[Ed. note previously I had thought the voice over for Tarzan was from the Ron Ely version of the show. A comment noted that this recollection was incorrect. The text now reflects the proper source of the memory].


Parody of Poetry of the Law

Thanks so much to Dan Solove, Frank Pasquale, and the rest of the distinguished group for allowing me to sully the Concurring Opinions cyberspace.

I was all set to introduce myself with something really serious (the posting on SSRN of a new piece) when I saw Nate Oman’s post on the poetry of law. I am always humbled by Nate’s thoughts on just about anything, because he is a scholar in ways I will never be. I thought not of great poetry (but if I had it would have been Robert Burns’ great piece on lawyers, To A Louse*), but of parody, including Jeremy Telman‘s regular limerick fare over at Contract Law Prof Blog. Two weeks ago, NPR’s Morning Edition did a story on BU law prof Mark Pettit, the “singing prof,” who puts contracts cases to the tune of popular songs. Not to be outdone, I spent most of that day writing a musical (and I’d like to think, poetic) version of Pinter v. Dahl, the securities regulation chestnut we just happened to be studying. For all of the non-securities lawyers out there, this is the case in which the Supreme Court stretched to the limit the use of the English language in finding a party other than the issuer to be liable under Section 12(a)(1) of the Securities Act of 1933. And, despite the fact that (to steal a line from the Tappert Brothers, Click and Clack, of Car Talk, also on NPR) man-eating sharks lose their appetite when they hear me sing, I sang it to my class.

So without further ado, and to the tune of the theme from The Beverly Hillbillies:

Come and listen to my story bout that guy Maurice,

California boy just a-waitin’ to be fleeced.

Then one day put some money in with Bill

Out in Oklahoma where the wildcatters drill.

Oil, that is, black gold. Texas tea.

Well, the next thing you know Maurice is on the dole,

Askin’ lots of friends he knows to throw cash down the hole

Said Beej Pinter is the guy you wanna see

And they each put some money in without an SEC

Filing, that is. Form S-1.

Well, now it’s time to figure out if anyone can claim

That someone not the issuer can bear part of the blame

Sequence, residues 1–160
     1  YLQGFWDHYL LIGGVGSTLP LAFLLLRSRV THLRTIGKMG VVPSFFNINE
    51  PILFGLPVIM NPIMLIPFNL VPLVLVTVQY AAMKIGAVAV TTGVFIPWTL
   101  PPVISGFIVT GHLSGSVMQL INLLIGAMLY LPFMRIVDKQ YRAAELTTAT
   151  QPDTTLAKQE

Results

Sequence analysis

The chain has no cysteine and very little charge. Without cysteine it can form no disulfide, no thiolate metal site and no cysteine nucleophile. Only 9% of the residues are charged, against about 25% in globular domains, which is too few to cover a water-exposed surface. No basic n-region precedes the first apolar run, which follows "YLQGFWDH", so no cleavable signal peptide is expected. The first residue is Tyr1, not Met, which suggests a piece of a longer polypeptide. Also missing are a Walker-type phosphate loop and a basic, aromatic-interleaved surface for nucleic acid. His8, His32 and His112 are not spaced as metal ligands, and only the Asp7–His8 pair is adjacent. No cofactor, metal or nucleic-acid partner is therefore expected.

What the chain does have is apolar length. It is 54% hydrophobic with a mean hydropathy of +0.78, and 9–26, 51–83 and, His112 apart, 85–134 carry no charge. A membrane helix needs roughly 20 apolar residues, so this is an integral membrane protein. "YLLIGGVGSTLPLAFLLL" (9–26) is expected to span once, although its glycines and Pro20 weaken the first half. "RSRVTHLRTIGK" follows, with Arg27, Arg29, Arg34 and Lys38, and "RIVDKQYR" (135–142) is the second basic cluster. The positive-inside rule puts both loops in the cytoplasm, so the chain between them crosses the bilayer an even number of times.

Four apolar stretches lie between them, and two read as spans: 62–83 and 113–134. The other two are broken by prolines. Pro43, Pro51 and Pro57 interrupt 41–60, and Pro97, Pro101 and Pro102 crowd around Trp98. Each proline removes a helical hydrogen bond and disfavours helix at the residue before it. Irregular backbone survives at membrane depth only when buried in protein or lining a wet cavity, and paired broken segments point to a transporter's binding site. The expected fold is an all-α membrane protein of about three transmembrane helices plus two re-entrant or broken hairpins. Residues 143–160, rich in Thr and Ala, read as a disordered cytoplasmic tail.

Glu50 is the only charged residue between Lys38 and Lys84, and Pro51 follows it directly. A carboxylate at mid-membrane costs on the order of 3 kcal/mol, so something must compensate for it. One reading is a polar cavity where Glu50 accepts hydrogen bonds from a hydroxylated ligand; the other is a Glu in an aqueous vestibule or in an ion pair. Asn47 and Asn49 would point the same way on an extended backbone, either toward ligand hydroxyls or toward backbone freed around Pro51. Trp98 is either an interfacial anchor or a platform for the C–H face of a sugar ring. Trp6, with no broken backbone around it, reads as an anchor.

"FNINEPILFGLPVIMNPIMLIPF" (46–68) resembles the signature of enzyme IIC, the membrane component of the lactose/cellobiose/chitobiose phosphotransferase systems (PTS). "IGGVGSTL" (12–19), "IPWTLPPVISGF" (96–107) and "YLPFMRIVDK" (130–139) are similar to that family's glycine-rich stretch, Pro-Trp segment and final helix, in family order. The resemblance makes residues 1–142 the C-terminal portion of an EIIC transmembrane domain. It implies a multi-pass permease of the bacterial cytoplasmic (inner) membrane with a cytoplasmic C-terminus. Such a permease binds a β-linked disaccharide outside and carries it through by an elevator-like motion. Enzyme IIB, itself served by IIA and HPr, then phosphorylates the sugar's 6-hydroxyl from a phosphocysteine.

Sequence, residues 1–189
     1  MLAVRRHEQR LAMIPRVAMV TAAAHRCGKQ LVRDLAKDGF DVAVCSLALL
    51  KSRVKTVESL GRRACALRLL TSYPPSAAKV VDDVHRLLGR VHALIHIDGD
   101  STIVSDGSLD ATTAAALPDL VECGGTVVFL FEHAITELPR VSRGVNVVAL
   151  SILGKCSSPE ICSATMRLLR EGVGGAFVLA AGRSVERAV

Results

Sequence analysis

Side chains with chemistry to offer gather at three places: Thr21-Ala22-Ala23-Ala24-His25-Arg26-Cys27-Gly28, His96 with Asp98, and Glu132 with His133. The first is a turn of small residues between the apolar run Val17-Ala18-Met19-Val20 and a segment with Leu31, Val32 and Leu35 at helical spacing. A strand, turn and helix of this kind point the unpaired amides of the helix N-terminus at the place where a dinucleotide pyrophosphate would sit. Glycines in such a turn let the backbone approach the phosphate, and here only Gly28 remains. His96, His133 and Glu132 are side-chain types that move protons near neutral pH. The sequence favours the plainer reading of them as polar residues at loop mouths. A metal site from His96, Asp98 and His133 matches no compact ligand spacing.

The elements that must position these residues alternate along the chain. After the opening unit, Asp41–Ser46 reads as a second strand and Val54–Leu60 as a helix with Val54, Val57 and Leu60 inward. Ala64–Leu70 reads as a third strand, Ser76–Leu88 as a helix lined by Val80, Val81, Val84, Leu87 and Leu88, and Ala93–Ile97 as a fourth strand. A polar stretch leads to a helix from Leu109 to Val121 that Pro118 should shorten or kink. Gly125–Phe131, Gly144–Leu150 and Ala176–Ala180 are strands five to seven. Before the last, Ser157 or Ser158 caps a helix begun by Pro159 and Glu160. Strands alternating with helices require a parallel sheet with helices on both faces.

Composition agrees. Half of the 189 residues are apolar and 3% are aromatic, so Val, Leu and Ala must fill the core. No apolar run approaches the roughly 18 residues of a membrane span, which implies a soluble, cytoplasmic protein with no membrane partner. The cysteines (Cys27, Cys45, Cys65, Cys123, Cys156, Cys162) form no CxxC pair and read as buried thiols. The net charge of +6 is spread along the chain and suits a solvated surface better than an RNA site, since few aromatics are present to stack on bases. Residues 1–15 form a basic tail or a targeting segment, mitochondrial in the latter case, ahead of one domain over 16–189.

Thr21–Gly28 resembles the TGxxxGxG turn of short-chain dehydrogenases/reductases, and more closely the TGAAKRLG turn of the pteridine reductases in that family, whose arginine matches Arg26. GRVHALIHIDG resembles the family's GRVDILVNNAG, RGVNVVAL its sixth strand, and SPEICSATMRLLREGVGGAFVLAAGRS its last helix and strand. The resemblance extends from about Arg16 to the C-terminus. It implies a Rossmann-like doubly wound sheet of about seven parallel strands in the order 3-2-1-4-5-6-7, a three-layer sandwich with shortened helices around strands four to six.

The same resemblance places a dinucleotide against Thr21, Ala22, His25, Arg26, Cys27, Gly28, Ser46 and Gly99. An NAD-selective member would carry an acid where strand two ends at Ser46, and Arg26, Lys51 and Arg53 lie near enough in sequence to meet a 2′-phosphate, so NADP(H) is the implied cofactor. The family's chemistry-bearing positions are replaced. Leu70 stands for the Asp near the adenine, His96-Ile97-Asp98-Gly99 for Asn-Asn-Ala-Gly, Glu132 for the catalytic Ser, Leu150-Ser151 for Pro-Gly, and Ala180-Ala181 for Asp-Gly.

For selling shares unregistered with no gratuity,

To share a heapin’ helpin’ of some liability.

Section 12(a)(1) that is. 33 Act. Write a check.

Y’all invest now, hear?

The question is how many times the act got recorded on cell phones.

* “O wad some Power the giftie gie us

To see oursels as ithers see us!”


Pain Assessment and the Law

Nature News reports on a study that found a correlation between certain brain wave measurements and pain intensity. The not-yet-published study will add to a growing body of neuroscience research that correlates the experience of physical pain with objective findings in brain images and other diagnostic media. This particular study was highly invasive, but a great deal of research involves non-invasive brain imaging. For example, a group of German researchers have reported finding tiny structural changes in the brain associated with chronic back pain using a technology called diffusion tensor imaging.

New pain assessment tools have tremendous potential to improve court and administrative proceedings that relate to personal injury and disability. Right now, juries are frequently called upon to assess damages for pain, even though many people exaggerate symptoms; some claims are entirely malingered. On the other hand, people can also have quite genuine claims for which they have little objective proof. And people with certain mental or motor difficulties may be incapable of telling us about the pain from which they nevertheless suffer. Juries and administrative law judges sometimes have little more to go on than hocus pocus. While we’re a long way from having technologies ready for the courtroom, it’s only a matter of time before courts are confronted with new neurotechnologies purporting to demonstrate the presence, absence, or intensity of pain symptoms.

I discuss these issues in more detail here and will present on these and other issues tomorrow at the University of Pennsylvania’s Neuroethics Talk Series.